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This time of year sees the pages of this illustrious newspaper swell as the local citizenry comes forth articulating reasons why the rest of us should vote for their favorite candidate for selectman, school committee or dog catcher. Well, in actuality, there’s generally one letter writer per campaign, and then the candidate finds other folks to assign their name to the carefully crafted missive.

Endorsement letter writing has its own jargon. Certain things are code words for other, more insidious characteristics over which the letter writer hopes to gloss, or to which they hope to subliminally call attention. The following should serve as a handy dandy primer as one pores over the laudatory letters extolling the virtues of the respective candidates.

1. It’s Time for a Change

One of the most intellectually lazy retorts, this essentially translates into, “The person’s older than dirt and has lost it. Their on-the-job retirement must come to an end. Put someone in with a pulse, please.”

2. Knows the Community/Lifelong Resident

“I probably shoveled your driveway and dated your daughter. My opponent is a blow-in. This yuppie scumbag wants to turn our town into Cambridge. Vote the Townie Ticket.”

3. Is a Man of the People

“Not the brightest bulb on the chandelier, the lad never finished high school and has been on the business end of a monkey wrench ever since, but he is a lifelong resident.”

4. Has the Skills to Face the Tough Challenges

“He’s running against a ‘lifelong resident who is a man of the people’ — or a Townie idiot. He’s been here five years and has had enough of the amateur hour. He thinks he’ll run circles around these rubes based on his business degree and job experience.”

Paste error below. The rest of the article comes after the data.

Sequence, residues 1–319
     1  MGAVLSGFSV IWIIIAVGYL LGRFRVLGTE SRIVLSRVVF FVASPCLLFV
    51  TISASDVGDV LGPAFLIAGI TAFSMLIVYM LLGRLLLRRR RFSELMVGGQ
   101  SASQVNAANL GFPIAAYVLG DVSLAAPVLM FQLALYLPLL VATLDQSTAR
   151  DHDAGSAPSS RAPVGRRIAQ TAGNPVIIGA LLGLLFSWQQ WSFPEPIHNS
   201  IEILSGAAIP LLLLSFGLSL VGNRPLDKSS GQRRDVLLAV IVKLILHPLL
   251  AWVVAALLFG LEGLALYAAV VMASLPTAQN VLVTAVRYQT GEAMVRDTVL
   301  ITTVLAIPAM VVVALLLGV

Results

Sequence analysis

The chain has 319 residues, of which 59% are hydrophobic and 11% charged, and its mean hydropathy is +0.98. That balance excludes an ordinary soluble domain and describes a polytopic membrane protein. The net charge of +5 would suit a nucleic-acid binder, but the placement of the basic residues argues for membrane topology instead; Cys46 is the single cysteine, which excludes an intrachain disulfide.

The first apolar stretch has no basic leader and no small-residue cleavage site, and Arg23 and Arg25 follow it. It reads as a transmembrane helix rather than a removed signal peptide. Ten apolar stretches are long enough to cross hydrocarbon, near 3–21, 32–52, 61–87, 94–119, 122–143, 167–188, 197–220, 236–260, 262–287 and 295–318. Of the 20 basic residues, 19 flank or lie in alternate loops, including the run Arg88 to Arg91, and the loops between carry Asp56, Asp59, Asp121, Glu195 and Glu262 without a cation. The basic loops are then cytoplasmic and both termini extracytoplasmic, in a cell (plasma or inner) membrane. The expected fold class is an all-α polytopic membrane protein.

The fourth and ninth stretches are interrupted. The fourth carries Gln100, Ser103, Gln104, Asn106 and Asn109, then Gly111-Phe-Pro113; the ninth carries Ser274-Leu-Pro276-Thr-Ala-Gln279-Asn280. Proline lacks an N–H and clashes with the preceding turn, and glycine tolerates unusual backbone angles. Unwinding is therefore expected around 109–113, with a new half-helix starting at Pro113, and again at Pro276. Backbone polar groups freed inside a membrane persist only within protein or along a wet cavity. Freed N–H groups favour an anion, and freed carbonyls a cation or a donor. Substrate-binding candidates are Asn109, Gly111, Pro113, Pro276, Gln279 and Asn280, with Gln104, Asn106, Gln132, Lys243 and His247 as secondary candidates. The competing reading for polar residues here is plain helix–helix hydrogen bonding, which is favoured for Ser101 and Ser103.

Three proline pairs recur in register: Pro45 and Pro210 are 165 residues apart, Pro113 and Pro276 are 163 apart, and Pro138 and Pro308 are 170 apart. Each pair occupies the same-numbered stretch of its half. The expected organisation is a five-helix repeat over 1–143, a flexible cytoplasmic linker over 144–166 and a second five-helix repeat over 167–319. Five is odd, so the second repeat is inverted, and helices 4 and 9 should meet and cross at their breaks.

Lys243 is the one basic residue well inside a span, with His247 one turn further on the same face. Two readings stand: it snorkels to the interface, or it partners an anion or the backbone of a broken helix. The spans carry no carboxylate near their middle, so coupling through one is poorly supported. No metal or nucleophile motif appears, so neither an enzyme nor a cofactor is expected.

5. Puts the Children First

“They’ve never met a school program they didn’t like, and they are going to be banging the drum for school overrides so loudly your ears are going to bleed. Be afraid. Be very afraid.”

6. Asks the Hard Questions

More of a social gadfly, they can ask the hard questions — they just don’t know what to do with the answer when they get it. Their approach is akin to that of someone taunting a chained junkyard dog who then needs someone to dial 911 for them to extricate said dog’s teeth from their backside.

7. Has Unfinished Business

“This bozo did nothing in the first term and hopes to come back and do nothing in the second term.”

8. Has no Hidden Agendas

“I’m running against a zealot, or a back-stabbing little twerp. Nobody likes that guy. I am the ABH candidate or Anybody But Him. If I win, I will run for a second term lamenting my unfinished business.”

9. Has the Experience for the Job

“Borderline senile, I’ve had the job three different times in the past 30 years and lost it again to an ‘It’s-Time-For-a-Change’ candidate. My wife and I are at each other’s throats, and I need to get out of the house. I figure harassing town hall employees is cheaper than a divorce. The legal budget is back in line, so let me come screw up the town again, for old time’s sake.”

10. Wants to Protect the Rural Character

” of my back yard. There is no way that development/industrial complex is going to ruin my scenic vista. If elected, I will do everything in my power to see that this development/industrial complex gets moved to the other side of town.”

There you have it folks, your own little primer on the hidden meaning behind endorsement letter buzzwords. If you can find none of those in the endorsement letter, then you just might have a candidate.

Mr. Woollacott is president and founder of Renaissance Group International Inc. Contact him directly at gwoollacott@cs.com.

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